Monday 30 June 2014

Sluts vs. Touch-Me-Nots: The Catch-22 of Being a Girl

Summer vacation has begun!  Laissez les bon temps rouler!

This is Frick's summer before 8th grade.  What a magical time.  It really takes me back to my own "Wonder Years".  For me the summer before 8th grade was when I got my first period.  It was a time where me and my girlfriends talked endlessly about sex and spent lots of time watching the boys skateboard out in front of my friend Jen's house.  We also spent lots of time talking and worrying about high school.

I remember being a little concerned about grade 9 initiation, mostly because me and my other friend Jen managed to piss off the entire graduating class of grade eight girls that year.  They were bullies who liked to push around us grade 7 girls because they felt, as 8th graders, they ruled the school and Jen and I were having none of it.  (Fun fact: I got into my first/only school yard fight with a grade 8 girl that year.  It was a bit of relief that aside from being much larger than me, she had no idea how to throw a punch.)

But what worried me more than getting bullied as a "minor niner" was trying to understand what it meant to be a teenaged girl, socially.  It turned out to be way more complicated than I had imagined.  One night, I think it was at one of our slumber parties, the Jens and I were all talking about what it was going to be like in high school.

Jen B:  I heard that in high school, if you're a girl, everyone calls you a slut or a touch-me-not.

Me:  What?  Really?  How does that work?

Jen B:  Well if you do anything with a boy, even just kissing, you'll be a slut and everyone will talk about you.

Me:  Well, that's easy.  I don't want to be a slut.

Jen B: Yeah, but if you're not a slut everyone will say you're a touch-me-not and no boys will ask you out.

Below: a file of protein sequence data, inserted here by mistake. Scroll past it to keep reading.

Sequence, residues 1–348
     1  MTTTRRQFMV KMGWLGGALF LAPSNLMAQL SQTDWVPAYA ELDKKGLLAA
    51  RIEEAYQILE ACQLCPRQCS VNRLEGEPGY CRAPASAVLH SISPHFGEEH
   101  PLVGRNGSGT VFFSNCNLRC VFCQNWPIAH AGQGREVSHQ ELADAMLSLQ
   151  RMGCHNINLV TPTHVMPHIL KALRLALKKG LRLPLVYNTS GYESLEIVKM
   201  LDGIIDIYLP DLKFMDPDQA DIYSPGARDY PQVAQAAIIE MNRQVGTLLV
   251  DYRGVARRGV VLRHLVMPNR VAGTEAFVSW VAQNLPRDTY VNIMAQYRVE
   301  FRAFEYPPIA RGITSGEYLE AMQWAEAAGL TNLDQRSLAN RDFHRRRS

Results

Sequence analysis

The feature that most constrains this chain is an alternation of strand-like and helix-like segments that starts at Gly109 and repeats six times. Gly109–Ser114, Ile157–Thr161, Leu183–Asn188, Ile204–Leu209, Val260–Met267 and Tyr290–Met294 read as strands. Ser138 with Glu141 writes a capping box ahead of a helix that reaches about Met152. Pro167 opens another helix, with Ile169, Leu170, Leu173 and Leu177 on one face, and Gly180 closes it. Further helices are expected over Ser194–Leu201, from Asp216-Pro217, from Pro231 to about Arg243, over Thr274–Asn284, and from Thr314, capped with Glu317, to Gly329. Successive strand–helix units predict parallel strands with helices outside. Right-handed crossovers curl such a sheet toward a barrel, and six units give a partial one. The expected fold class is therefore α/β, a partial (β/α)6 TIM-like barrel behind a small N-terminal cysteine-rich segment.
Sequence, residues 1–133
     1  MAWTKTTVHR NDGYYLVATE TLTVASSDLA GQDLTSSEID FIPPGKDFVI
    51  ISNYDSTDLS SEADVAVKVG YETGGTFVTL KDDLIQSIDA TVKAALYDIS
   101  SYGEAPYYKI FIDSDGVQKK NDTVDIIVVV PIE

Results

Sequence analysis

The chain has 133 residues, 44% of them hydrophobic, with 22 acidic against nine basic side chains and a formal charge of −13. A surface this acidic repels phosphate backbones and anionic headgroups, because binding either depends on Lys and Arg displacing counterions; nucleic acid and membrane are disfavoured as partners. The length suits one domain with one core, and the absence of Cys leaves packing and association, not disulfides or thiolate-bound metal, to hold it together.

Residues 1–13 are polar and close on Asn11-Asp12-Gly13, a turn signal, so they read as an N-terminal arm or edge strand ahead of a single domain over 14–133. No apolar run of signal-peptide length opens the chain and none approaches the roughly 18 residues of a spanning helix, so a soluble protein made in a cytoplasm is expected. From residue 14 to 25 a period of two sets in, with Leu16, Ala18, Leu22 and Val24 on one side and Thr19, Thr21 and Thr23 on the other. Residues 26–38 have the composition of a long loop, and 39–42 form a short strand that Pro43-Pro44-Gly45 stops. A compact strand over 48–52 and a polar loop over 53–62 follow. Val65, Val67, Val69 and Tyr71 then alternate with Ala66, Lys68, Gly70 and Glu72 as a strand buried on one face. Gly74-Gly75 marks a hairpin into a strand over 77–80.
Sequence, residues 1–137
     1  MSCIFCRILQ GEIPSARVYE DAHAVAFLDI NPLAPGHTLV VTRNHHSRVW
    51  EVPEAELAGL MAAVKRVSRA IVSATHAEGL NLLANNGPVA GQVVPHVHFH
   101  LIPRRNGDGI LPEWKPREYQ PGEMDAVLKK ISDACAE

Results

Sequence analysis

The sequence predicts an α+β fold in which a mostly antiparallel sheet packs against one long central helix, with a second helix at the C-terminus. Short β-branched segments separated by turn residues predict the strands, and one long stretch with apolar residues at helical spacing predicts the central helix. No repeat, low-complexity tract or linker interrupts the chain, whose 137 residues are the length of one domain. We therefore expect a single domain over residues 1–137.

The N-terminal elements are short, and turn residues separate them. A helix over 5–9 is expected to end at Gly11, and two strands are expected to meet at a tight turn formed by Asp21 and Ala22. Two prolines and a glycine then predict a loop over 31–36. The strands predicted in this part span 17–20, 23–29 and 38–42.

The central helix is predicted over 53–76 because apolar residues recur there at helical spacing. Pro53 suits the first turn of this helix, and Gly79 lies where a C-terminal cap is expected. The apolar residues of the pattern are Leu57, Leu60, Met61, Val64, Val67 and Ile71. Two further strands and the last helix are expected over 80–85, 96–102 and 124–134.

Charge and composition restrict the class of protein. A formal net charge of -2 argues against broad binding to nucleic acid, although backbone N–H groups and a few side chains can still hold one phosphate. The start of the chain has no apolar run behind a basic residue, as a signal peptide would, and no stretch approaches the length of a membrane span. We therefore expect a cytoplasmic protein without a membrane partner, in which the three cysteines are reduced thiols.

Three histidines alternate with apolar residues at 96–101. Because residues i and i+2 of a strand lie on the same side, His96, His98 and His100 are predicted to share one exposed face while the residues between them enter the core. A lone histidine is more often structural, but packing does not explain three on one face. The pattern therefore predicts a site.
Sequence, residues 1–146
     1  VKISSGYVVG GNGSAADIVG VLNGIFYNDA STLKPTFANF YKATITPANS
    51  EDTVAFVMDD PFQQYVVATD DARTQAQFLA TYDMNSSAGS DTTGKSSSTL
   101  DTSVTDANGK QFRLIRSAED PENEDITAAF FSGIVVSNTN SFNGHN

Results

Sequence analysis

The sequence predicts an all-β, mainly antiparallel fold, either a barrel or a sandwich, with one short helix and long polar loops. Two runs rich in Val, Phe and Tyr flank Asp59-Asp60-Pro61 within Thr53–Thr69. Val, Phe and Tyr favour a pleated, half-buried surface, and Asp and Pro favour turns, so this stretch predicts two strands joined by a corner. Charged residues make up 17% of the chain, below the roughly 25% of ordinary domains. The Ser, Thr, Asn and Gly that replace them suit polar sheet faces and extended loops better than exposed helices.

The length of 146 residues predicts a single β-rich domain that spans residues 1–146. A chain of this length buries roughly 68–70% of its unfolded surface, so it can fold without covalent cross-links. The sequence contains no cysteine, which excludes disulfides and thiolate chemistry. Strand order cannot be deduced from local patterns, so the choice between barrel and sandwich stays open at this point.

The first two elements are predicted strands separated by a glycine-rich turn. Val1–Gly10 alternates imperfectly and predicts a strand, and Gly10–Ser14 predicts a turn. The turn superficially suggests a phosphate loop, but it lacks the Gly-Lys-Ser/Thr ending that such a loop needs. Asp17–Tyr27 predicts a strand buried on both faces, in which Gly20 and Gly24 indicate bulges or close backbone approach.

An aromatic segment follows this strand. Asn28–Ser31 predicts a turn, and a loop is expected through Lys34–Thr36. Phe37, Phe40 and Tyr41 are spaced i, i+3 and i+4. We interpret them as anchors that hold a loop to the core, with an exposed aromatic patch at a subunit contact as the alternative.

( I don't know what your middle school culture was, but for us "touch-me-not" was our standard expression for some goody-two-shoes who never does anything bad and is a total loser and no one would, like, ever want to be labeled as a touch-me-not.  A touch-me-not can NEVER hope to be popular and being popular was a big deal.)

Me:  But I want boys to ask me out.  I don't want to be a loser.

Jen B:  Well then you'll have to be a slut then.

Me:  That's not fair!  What about the boys?  Does anyone say anything about them?

Jen B: (just shrugs.)

Me:  So those are our only choices?

Jen B:  Pretty much.

Me:  What do we do?

Jen B:  I don't know.

What I didn't know was that we weren't the ones who got to choose.   You got labeled by others whether you liked it or not.  You were held entirely responsible for any attention or lack of attention you got from boys, as if that were a thing you could possibly control.  If you were invisible to boys it proved you were an ugly, boring loser through your own choices like not wearing the right clothes or make up.  If you got attention from boys it proved you were a big whore through your own choices like not wearing the right clothes or make up.

The only way to avoid slut or touch-me-not status was to get a special magical talisman called a BOYFRIEND.  Girls with BOYFRIENDS were the only ones you couldn't mess with.  When you got a BOYFRIEND you got elevated to the status of being Bobby's Girl and that would make you popular because other girls would like you again and stop talking about you behind your back.  Having a BOYFRIEND proved you weren't an invisible touch-me-not loser.  Having a BOYFRIEND made other boys stop paying attention to you which proved you were not (or no longer) a slut.

The problem was, the only way to get a BOYFRIEND was to risk being called a slut because in order to get a BOYFRIEND you needed to attract the attention of a boy somehow.  And attracting the attention of boys on purpose?  SLUTTY McSLUTTERSON you are!

(Le sigh.)

I am very glad that Frick doesn't have to worry about being a slut. I'm not saying that his behaviour won't be strictly policed by his peers (Hello, Heteronormative Bro-Culture).  I'm just saying that at least his social navigations don't involve this lose-lose kind of bullshit.  At least with boys there was a possibility of winning that didn't involve some kind of relationship status symbol.

As for us girls, it seems we must lose no matter what we do.

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